Blood Moon

The red side of the moon

Blood moon comes from the rusty red appearance during a total lunar eclipse, when the moon is in the Earth’s shadow. The color is caused by blue light scattering as the sun’s rays refract through the Earth’s atmosphere. The term “blood moon” was popularised in 2013 following the release of the book Four Blood Moons by Christian minister John Hagee. He promotes an apocalyptic belief known as the “blood moon prophecy” highlighting a lunar sequence of four total eclipses that occurred in 2014/15. John notes that all four fell on Jewish holidays, which has only happened three times before — each apparently marked by bad events. The prophecy was dismissed by Mike Moore — General Secretary of Christian Witness to Israel — in 2014, but the term is still regularly used by the media and has become a worrying synonym for a lunar eclipse.

For many ancient civilisations, anyway, the “blood moon” came with evil intent. The ancient Inca people interpreted the deep red colouring as a jaguar attacking and eating the moon. They believed that the jaguar might then turn its attention to Earth, so the people would shout, shake their spears and make their dogs bark and howl, hoping to make enough noise to drive the jaguar away.

But blood moon is not the one to be always an amazing event for enthusiasts and romantics…

Blood moon from the Temple of Poseidon, Athens, 2017 Photo Petros Giannakouris

Super blue blood moon behind the Camlica Mosque in Istanbul, 2018 Photo Chris McGrath/Getty Images

Super blue blood moon rising in the London Skyline, 2018 Photo Michael Thomas

Super blue blood moon rising in the London Skyline, 2018 Photo Michael Thomas

In 2018, that photographed by Michael Thomas was the first time in 36 years three moon events have been visible at the same time in Europe, and it has not been seen in America for 152 years. It was a Super Blue Blood Moon. A blue moon is a name for a second full moon in a calendar month. It is relatively rare, hence the expression “once in a blue moon”. The last one before now was May 2016. A supermoon is a name for a full moon when the satellite is at the closest point in its orbit around Earth. This makes it appear up to 14 percent brighter and 30 percent larger than normal.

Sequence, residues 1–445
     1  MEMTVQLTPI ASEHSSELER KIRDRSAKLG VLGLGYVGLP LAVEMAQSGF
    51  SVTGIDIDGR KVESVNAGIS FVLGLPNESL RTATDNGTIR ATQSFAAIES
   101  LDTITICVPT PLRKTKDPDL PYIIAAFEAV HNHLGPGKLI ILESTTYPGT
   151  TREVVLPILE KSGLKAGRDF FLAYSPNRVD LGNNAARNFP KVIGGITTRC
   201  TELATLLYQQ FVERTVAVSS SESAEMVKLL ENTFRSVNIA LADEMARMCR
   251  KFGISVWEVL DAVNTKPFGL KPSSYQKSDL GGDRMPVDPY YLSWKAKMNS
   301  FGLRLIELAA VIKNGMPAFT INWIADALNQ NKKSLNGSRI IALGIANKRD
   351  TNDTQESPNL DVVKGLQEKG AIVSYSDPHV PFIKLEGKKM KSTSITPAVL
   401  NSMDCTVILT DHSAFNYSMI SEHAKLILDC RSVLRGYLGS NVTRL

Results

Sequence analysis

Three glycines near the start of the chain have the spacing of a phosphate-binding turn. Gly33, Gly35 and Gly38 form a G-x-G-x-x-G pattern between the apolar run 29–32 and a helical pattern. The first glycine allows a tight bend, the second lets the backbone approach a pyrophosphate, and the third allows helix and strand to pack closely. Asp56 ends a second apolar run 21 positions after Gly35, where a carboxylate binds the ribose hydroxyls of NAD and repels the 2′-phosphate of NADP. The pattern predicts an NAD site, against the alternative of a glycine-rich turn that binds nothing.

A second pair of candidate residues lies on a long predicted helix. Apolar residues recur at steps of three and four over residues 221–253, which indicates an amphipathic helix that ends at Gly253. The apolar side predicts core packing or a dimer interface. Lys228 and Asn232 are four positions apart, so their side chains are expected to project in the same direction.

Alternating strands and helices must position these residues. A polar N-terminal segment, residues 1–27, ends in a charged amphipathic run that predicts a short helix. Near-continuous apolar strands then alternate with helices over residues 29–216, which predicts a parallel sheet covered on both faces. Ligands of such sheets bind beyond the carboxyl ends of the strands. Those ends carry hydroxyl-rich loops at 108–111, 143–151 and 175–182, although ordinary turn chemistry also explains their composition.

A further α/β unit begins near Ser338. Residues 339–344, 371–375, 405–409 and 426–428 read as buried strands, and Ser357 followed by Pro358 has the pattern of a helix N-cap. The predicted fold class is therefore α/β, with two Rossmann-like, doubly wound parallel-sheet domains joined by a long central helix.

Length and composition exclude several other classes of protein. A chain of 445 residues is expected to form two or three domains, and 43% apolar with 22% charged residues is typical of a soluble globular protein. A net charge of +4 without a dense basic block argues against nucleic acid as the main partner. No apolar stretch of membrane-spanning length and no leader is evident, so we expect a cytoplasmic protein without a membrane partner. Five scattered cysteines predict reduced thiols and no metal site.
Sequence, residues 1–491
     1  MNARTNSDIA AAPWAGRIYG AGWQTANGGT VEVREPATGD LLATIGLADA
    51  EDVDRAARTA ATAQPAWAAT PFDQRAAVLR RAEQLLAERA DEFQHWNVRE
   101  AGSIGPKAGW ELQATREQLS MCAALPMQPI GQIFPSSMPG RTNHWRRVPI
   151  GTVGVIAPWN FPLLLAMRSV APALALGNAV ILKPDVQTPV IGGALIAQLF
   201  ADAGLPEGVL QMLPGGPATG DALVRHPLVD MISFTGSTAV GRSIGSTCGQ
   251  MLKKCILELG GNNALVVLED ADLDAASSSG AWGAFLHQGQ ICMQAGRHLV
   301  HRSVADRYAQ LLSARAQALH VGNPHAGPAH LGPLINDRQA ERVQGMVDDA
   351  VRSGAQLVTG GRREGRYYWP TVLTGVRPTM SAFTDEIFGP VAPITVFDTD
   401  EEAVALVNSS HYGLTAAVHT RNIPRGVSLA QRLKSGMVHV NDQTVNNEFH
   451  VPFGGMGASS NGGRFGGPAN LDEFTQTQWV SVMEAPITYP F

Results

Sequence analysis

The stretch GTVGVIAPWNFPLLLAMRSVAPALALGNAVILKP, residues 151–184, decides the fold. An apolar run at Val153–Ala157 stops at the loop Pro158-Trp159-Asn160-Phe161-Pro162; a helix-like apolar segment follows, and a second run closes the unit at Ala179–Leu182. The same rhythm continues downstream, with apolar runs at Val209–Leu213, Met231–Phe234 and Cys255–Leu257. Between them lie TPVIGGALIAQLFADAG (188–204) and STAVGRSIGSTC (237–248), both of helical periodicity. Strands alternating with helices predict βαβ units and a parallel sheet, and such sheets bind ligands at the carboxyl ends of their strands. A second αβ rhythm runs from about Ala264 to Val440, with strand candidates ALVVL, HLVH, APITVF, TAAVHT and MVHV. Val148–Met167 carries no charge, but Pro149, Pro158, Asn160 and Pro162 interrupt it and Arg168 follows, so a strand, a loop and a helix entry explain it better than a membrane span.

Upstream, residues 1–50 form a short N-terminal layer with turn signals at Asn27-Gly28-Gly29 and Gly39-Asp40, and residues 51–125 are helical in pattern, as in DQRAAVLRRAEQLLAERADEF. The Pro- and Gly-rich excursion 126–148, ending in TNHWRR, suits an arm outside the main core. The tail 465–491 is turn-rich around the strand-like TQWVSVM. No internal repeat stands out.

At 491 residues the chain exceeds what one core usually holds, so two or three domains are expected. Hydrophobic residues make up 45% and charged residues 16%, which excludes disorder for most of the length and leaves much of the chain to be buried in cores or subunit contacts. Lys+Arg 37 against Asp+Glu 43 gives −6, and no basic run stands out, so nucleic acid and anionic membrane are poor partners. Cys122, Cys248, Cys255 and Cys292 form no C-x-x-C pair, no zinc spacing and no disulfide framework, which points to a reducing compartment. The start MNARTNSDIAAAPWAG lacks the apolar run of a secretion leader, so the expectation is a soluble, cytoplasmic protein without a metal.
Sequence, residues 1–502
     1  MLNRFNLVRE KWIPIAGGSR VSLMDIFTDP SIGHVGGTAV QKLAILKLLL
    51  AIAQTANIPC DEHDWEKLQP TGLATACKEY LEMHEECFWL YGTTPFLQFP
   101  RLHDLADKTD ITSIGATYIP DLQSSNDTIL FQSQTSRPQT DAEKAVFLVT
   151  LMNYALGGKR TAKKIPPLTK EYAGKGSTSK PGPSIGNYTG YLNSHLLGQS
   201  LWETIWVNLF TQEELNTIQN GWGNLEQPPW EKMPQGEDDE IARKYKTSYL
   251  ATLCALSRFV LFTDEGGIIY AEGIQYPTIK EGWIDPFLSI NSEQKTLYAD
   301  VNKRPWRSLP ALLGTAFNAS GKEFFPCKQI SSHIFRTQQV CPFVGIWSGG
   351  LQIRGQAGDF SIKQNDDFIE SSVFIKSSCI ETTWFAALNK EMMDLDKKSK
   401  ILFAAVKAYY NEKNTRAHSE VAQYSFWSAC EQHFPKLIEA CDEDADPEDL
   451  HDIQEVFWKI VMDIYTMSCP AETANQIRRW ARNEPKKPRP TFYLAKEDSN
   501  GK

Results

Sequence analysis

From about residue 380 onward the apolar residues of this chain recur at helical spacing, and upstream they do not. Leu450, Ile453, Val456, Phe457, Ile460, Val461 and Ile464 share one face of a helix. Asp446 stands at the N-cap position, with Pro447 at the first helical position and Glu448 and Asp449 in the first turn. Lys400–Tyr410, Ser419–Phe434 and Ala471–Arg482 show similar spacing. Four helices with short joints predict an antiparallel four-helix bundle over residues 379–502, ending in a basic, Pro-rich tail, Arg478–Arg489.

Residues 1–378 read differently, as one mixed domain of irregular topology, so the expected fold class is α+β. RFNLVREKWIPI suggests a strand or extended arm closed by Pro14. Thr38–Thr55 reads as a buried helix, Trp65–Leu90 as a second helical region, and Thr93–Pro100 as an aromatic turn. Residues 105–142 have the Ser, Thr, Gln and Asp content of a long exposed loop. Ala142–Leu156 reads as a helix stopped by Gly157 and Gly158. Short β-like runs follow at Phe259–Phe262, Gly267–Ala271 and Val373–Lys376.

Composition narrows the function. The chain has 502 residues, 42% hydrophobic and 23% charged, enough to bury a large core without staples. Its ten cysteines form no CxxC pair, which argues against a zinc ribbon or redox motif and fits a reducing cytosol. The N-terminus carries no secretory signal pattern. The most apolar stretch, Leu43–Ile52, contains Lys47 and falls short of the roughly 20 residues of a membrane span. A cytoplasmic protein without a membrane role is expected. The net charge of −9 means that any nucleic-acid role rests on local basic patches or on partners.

The 2019 moon eclipse has been named Super Blood Wolf Moon. During this new spectacle, the moon appeared to glow red while seeming brighter and closer to Earth than normal. The event was initially visible from North and South America, as well as areas of western Europe. In parts of the UK some clouds obscured the view. One of the suggestive images of the event is the one took at Eklutna Lake, in Alaska, by Ian Esk Merculieff. The next total lunar eclipse is expected in two years, on 26 May 2021.

Super blood wolf moon at Eklutna Lake, Alaska, 2019 Photo Ian Esk Merculieff

Super blood wolf moon from Brussels, 2019 Photo Reuters

Super blood wolf moon, 2019

Blood moon from Berlin, 2017 Photo Hannibal Hanschke

Blood moon at the funfair in Szczecin, Poland, 2017 Photo Marcin Bielecki

Blood moon through the hot fumes emitted by a Delimara power plant in Malta, 2017 Photo Darrin Zammit Lupi

Super blood wolf moon phases from Panama City, 2019 Photo Afp


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